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  • 223 Clover Street, Worcester, MA 01603
  • (774) 495-0511
  • Haiti

Laila – From the Philippines to Haiti

I was with Project Nourish in Haiti for the first time a few weeks ago. I was tasked with taking photos of the students, school, and community. I really enjoyed hanging out and interacting with the kids which included some hiking and I introduced some Filipino games. There’s nothing more joyous to do in a new place than spending time with the kids. I find it fascinating to be in a world of children, aside from being innocent and vulnerable, you find genuine life in them. You get to learn what kind of parents, relatives or friends they have, what their culture is like, etc.

I love how accommodating and friendly Haitians are. They are funny like Filipinos!  People who know me know that I love homemade peanut butter. Haitian homemade peanut butter is the best! Haitians love to show you around. We went hiking to the mountain and caves.  I enjoy hiking back home, but I do it at dawn to see the sunrise and to avoid the heat of the sun. In Haiti we did it in the middle of the day!

Aside from the fact that it was my first time to travel to Haiti, it was my first time to witness destruction during a street protest. When we were in Port-au-Prince, I saw people in the road who were running towards safety, vehicles and tires burning, and trash everywhere. I’ve travelled to dangerous places but I’ve never seen real action like what I saw in Haiti.

The most inspiring for me was the children and the PN work ahead of them. There are so many things to do out there and the need is great! It’s quite significant that there’s more to life if we only step out of our comfort zone. Concerning poverty alleviation (in Haiti), we must have a forward-thinking approach to gain knowledge about what is happening and about the challenges of other organizations that we can try to avoid; being able to see the situation on the ground will make you think there’s so much to work on and at the same time it is saddening. Especially in Haiti where the mindset of people needs to be opened for a paradigm shift.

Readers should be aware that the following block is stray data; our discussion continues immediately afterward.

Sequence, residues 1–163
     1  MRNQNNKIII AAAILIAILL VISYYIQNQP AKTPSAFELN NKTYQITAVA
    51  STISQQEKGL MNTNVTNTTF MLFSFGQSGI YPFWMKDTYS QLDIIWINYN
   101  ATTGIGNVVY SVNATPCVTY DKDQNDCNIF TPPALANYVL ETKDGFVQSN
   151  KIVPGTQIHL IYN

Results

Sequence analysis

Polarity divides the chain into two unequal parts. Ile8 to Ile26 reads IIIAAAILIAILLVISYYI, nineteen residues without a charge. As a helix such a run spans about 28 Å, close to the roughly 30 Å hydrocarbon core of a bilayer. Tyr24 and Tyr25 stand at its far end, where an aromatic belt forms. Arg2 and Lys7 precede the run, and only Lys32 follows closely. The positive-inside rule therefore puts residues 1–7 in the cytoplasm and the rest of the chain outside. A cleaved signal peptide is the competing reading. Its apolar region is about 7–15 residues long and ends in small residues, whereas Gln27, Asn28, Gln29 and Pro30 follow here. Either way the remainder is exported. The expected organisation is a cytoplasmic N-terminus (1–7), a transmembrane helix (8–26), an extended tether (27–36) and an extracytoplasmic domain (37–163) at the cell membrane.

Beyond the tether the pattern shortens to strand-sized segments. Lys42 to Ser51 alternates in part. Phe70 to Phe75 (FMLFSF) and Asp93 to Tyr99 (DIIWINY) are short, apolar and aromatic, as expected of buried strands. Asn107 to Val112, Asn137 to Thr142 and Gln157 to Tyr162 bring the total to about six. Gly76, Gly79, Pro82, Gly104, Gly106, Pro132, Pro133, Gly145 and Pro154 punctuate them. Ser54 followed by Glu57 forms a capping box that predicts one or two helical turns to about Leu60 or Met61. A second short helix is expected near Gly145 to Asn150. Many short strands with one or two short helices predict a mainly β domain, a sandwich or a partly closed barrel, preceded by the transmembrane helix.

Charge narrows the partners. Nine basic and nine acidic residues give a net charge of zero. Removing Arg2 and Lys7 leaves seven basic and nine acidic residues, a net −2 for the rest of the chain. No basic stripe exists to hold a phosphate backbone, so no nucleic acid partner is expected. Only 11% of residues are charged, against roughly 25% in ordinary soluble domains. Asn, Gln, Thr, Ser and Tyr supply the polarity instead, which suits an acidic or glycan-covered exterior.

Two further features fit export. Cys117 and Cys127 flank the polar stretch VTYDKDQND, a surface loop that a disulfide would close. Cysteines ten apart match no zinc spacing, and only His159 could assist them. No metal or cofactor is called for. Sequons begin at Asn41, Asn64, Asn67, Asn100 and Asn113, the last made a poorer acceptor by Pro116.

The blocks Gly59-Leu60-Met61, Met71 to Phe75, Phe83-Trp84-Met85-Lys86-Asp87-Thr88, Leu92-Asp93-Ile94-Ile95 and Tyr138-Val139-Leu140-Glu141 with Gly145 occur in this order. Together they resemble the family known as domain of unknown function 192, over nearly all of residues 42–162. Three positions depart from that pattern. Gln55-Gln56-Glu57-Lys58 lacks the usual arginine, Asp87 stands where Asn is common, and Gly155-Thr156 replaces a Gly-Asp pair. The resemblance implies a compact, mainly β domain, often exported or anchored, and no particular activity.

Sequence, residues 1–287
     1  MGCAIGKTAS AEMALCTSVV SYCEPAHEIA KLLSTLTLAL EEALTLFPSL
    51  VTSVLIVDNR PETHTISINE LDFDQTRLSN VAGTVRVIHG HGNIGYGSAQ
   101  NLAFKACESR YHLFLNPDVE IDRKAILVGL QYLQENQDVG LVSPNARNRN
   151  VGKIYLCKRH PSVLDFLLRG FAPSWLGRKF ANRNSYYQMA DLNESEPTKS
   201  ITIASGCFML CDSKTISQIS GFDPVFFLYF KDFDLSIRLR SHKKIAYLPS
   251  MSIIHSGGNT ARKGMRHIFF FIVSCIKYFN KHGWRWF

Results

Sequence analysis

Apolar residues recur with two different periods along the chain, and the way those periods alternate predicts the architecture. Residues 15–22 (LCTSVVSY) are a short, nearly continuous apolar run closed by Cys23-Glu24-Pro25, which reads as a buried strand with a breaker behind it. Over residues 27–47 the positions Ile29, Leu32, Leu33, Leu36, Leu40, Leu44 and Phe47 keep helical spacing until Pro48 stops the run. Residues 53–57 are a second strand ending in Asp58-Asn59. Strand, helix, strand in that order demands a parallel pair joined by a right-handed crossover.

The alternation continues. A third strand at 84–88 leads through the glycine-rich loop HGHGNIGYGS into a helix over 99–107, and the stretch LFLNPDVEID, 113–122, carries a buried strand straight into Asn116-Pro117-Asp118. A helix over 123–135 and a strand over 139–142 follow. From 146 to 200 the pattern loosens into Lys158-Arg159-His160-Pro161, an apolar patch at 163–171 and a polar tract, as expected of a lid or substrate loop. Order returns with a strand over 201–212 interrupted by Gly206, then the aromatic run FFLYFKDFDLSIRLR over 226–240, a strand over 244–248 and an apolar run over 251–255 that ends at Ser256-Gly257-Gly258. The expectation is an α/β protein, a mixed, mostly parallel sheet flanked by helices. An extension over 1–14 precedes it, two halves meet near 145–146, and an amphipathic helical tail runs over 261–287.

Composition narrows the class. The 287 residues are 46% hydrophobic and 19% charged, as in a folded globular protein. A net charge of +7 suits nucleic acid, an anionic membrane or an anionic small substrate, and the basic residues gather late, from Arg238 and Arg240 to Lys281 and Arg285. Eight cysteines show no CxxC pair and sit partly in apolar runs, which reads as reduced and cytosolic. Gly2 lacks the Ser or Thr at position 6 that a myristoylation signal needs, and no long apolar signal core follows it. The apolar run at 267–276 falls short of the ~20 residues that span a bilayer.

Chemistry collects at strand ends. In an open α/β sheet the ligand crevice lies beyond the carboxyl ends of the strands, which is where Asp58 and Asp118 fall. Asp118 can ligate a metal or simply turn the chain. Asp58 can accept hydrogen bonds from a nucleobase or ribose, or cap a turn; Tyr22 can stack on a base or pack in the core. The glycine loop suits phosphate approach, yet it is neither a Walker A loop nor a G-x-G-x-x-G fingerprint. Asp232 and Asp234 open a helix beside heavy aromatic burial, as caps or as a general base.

I’m impressed with the staff of Project Nourish because they can all speak the language fluently. The ability to speak the local language makes building relationship with the locals easier.  The PN staff immerse themselves in the community by participating in community activities. For example, when we were walking at the beach, Paul saw the people catching fish and he joined them in pulling the nets. The people seemed to love that.  We stayed at the community where the locals live during the trip. We didn’t stay in a hotel or any fancy accommodations.   Aside from their skills and knowledge, for me what makes PN effective in working with the poor in Haiti is how they live, speak, and work like a local. At the end of the day, it’s all about our relationship with the people that we work with that counts!

I would definitely go back! I would love to do some work that involves children. Something that would impact the mind of the children so that the future generations will benefit.

On our way to our accommodation in Neply from the airport, we saw Velouse and her daughter sitting on a bench with other people. Pastor Karl and I went out from the car to say hi to Velouse and her daughter. When we talked to them, we learned that Velouse’s daughter had an injury from a fall. Pastor Karl asked if they had her daughter’s arm checked or if they applied any treatment to it. Velouse said they did not do anything.  Pastor Karl and I inspected the right arm of the girl and we both agreed that she needed medical attention and was casted. After two days, we brought the child to the hospital where she received treatment. It was interesting to me because what if Pastor Karl did not take the girl to the hospital? Maybe her injury would get worse. I thought, how many children are out there waiting to receive medical care? How many children are out there suffering because nobody found them and provided the help that they need?

I thought I have seen the worst of poverty after working with the poor in the Philippines for more than a decade. But nothing could have prepared me for the poverty that I saw when we arrived in Port Au Prince. I was trying hard to hold my tears while thinking that no human should live like this. I am so thankful for the privilege to see the work of Project Nourish in Haiti. It has challenged me to continue stepping out of my comfort zone and following where God leads.